First held in 1905, the Geneva Auto Show is considered a very big deal, and along with Detroit and Tokyo, one of the most important auto showcases in the world. Since Switzerland doesn’t have its own domestic auto industry, car companies see Geneva as neutral territory and often use the event to show off new prototypes and equipment, brag about technical breakthroughs and discuss deals, alliances and strategies. The Salon International de l’Auto (as it’s known in French) is also known as the place where high-end automakers show off their high-price supercars. But just as intriguing as the backroom deals and the unobtainable, gold-plated sports cars is the section of the show devoted to the future, the International Advanced Mobility Forum.
As a company, Opel (which goes by the name Vauxhall in the UK) hasn’t been that engaged in hybrids or electric car technologies. Last year they unveiled an electric concept car called the Rak-e, but that car has yet to see production and Opel isn’t saying if—or when—it ever will.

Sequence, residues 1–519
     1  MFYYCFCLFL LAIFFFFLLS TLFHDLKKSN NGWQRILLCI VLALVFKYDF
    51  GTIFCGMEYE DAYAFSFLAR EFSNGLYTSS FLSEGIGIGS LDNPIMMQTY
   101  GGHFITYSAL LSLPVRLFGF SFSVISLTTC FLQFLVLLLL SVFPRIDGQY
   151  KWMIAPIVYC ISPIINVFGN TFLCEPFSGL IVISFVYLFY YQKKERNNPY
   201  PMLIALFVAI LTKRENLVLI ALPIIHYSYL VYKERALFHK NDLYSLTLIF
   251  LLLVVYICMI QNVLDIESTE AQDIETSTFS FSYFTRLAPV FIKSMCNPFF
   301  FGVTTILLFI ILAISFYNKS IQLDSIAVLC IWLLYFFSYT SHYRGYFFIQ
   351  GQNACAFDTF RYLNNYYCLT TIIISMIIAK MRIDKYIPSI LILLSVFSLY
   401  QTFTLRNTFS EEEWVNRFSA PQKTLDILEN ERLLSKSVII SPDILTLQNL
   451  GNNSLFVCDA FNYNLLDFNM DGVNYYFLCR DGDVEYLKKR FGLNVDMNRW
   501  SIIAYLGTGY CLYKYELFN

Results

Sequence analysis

Instead, this year’s Geneva show finds Opel offering a new, two-wheel concept called the Rad-e, which Opel is touting as their “vision of the future.” The Rad-e is a 250-watt e-bike that the company is positioning as both a complement to the Rak-e concept and to the the brand’s existing e-mobility strategy.
Opel hasn’t released many details about the bike and they are keeping images of the new concept close to the vest, but we do know that the Rad-e will be battery powered and have a range of between 37 and 90 miles.
What makes the RAD-e special, says Opel, is that it’s the first battery bike to be built around automotive construction and production principles, although the company didn’t elaborate on what those principals actually where or how they’d be employed.
With the unveiling of the Rad-e, Opel is joining both Smart and Ford as automakers who are taking a serious look at electric bikes. Smart’s bike, a 250 watt, three speed with regenerative braking is scheduled to go into production this year. Ford’s concept features 350-watts of power paired to an ultralight frame and a sleek, race-inspired look.